Pathologists may want to explore the opportunity to be tele-consultants and be paid for helping consumers understand their lab test results and other clinical findings
First it was rapid medical clinics in retail pharmacies. Next came health kiosks with information for consumers in pharmacies. Now a national pharmacy chain is upping the ante by installing enclosed health kiosks in their stores that deliver telemedicine services, thus allowing customers to speak with physicians and other medical providers in private from within the pharmacy.
For pathologists and clinical laboratory managers watching as national pharmacy chains introduce ever more medical services in their retail stories, the telemedicine kiosks is one more piece of evidence that, at some future point, pharmacies will want to provide medical laboratory testing services. In fact, lab testing is the basis for an existing agreement between Walgreens and Theranos, a lab testing company with ambitious plans to be disruptive.
It is Rite Aid Corporation (NYSE:RAD), that plans to take the health kiosk idea to a new level. Its telehealth concept allows pharmacy shoppers to consult directly with physicians via a kiosk. HealthSpot, a Columbus, Ohio-based telemedicine provider, recently launched a pilot involving the telehealth kiosks at Rite Aid stores in Ohio. It is also developing a network of board-certified physician consultants to expand this service nationwide.
HealthSpot is a pioneer in connected healthcare concepts. Its HealthSpot station is a comprehensive healthcare delivery platform that combines cloud-based software with digital medical devices and mobile applications. The HealthSpot platform is designed to deliver affordable medical care through convenient locations, such as pharmacies, hospitals, clinics, employer and community sites, universities, and at home.
This is HealthSpot’s first partnership with a major retailer. The 40-square-foot, fully enclosed HealthSpot Station employ’s cloud-based telemedicine software. Patients interact with doctors and other healthcare professionals through high-definition video conferencing with digital medical devices. Similar to an office visit, consumer visits with kiosk physicians average 15 minutes, noted a report published by MedCity News.
Rite Aid’s pilot project in Ohio has engaged Cleveland Clinic staff clinicians, along with physicians at other major Ohio health institutions. These providers respond to consumer questions on a range of common and minor health issues. This healthcare service, which accepts most major insurance plans, makes seeing the doctor convenient.
In a HealthSpot press release that announced the launch of the Rite Aid pilot, HealthSpot Founder and CEO Steve Cashman observed, “With telehealth expected to play a leading role in the delivery of healthcare in the future, we believe our HealthSpot stations offer a unique solution, delivering healthcare services more conveniently and cost effectively than ever before. By working with Rite Aid, as well as providers and payers, we are reimagining the way healthcare is delivered in a retail setting.”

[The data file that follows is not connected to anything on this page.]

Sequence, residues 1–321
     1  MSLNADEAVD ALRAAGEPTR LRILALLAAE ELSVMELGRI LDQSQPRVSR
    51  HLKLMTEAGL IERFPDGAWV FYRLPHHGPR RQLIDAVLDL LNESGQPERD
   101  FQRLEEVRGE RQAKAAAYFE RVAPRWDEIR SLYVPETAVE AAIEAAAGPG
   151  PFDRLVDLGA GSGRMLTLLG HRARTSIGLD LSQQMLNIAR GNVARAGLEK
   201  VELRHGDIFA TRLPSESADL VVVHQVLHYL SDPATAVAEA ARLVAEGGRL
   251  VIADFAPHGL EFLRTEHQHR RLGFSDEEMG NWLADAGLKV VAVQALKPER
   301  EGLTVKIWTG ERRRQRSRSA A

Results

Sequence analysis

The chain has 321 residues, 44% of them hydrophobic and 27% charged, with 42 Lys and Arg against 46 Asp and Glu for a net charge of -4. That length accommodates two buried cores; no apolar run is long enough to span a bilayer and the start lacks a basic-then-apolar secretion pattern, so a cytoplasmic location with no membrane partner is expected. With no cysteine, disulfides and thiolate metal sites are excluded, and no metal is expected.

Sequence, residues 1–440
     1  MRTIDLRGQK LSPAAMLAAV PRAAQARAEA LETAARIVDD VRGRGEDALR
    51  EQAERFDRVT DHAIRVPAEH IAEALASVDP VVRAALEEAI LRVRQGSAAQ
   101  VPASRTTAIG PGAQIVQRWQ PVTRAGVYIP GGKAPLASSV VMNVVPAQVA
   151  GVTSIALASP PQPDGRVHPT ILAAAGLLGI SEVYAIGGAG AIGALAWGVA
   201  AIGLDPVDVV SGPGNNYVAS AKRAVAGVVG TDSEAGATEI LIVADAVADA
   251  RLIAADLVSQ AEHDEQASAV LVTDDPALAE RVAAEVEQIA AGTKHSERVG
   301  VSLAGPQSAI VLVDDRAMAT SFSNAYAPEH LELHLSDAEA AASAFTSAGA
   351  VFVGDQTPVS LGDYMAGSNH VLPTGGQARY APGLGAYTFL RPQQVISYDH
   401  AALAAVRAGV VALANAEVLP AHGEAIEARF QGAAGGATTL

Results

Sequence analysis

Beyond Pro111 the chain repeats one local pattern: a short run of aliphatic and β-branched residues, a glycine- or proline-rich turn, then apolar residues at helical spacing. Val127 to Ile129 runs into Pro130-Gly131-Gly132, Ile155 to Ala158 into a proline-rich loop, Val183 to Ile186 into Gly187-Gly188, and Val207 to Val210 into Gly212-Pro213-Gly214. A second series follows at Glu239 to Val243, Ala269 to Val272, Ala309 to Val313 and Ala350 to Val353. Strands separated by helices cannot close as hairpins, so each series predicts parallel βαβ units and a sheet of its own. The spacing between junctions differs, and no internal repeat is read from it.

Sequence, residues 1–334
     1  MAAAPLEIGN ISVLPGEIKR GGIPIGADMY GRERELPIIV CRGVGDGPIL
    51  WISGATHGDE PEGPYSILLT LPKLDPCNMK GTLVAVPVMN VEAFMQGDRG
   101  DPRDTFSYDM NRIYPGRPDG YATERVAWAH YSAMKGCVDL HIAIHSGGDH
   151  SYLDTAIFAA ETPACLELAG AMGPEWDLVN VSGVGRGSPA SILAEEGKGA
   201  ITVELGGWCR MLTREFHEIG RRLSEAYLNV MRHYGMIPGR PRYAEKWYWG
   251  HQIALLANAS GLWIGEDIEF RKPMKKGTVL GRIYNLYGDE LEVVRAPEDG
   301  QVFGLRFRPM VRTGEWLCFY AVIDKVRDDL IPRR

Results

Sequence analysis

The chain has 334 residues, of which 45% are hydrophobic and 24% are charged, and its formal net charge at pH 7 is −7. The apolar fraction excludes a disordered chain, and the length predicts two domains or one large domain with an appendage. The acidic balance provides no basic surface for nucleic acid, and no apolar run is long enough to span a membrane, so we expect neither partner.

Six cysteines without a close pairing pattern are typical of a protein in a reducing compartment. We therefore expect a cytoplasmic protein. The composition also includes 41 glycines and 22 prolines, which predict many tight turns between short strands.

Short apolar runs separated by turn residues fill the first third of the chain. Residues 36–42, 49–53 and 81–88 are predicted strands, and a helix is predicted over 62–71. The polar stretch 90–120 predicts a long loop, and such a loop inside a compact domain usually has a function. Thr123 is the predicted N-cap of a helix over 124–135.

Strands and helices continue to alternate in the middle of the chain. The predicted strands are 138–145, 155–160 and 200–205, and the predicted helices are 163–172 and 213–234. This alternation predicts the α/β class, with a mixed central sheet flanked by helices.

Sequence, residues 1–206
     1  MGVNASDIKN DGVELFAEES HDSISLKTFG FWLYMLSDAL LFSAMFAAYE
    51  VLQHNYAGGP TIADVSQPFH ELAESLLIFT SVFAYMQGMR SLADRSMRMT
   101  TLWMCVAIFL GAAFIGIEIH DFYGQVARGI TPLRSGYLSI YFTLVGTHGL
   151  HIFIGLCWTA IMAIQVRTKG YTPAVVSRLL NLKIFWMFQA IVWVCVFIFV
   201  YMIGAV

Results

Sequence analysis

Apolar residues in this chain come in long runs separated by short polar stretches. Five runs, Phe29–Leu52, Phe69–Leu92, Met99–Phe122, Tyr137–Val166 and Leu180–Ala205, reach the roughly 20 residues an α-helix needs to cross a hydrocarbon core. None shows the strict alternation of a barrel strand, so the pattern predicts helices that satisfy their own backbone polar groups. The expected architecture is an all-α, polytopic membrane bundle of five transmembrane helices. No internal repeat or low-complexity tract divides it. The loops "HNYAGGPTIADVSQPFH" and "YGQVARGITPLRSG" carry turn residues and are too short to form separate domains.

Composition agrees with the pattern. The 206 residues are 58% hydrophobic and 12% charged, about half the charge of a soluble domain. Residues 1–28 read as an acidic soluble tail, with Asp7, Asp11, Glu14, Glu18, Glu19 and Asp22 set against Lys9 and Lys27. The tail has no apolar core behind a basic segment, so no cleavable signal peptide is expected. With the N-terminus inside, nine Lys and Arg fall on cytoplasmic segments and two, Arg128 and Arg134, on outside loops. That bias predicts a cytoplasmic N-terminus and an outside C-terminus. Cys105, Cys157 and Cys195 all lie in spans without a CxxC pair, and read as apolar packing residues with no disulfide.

For its part, Rite Aid sees the telehealth kiosks as a logical next step. “Adding HealthSpot stations serves as a natural extension of our existing suite of health and wellness services and offers people an alternative solution to accessing quality healthcare in a familiar, professional, and convenient setting,” said Rite Aid’s Executive Vice President of Pharmacy Robert I. Thompson.
Headquartered in Camp Hill, Pennsylvania, Rite Aid operates nearly 4,600 stores in 31 states and the District of Columbia. In recent years, it acquired Houston-based RediClinic, one of the nation’s major operators of retail clinics.
Dark Daily is watching the development of in-store health stations. It was in 2013 when we introduced medical laboratory managers and pathologists to the development of the SoloHealth kiosk (See Dark Daily, “Health Kiosk Offers Consumers Self-Serve Health Screenings, Preventative Health Help, and Information on Health Plans and Obamacare,” December 23, 2013). These stations allow consumers to check their vision, blood pressure, and body-mass index. Consumers can also assess their health risks and learn about actionable recommendations based on their individual health risks.
SoloHealth provides access to a database of local healthcare providers at various retail locations, but does not connect consumers directly to physicians. It has kiosks in 3,500 retail stores, including Walmart (NYSE:WMT), Safeway (NYSE:SWY), Sam’s Club, Schnucks Markets (NYSE:WMK), Vons, Tom Thumb, and Randalls.
Now that at least one pharmacy chain is piloting healthcare kiosks that allow consumers to privately interact with physicians and other providers in telehealth settings, the question may soon be whether pathologists would like to be included on the provider panels that these consumers can access from within the healthcare kiosk. Assuming that fees are paid to physicians who provide the telehealth services, there may be revenue opportunities for pathologists interested in providing such consultative services.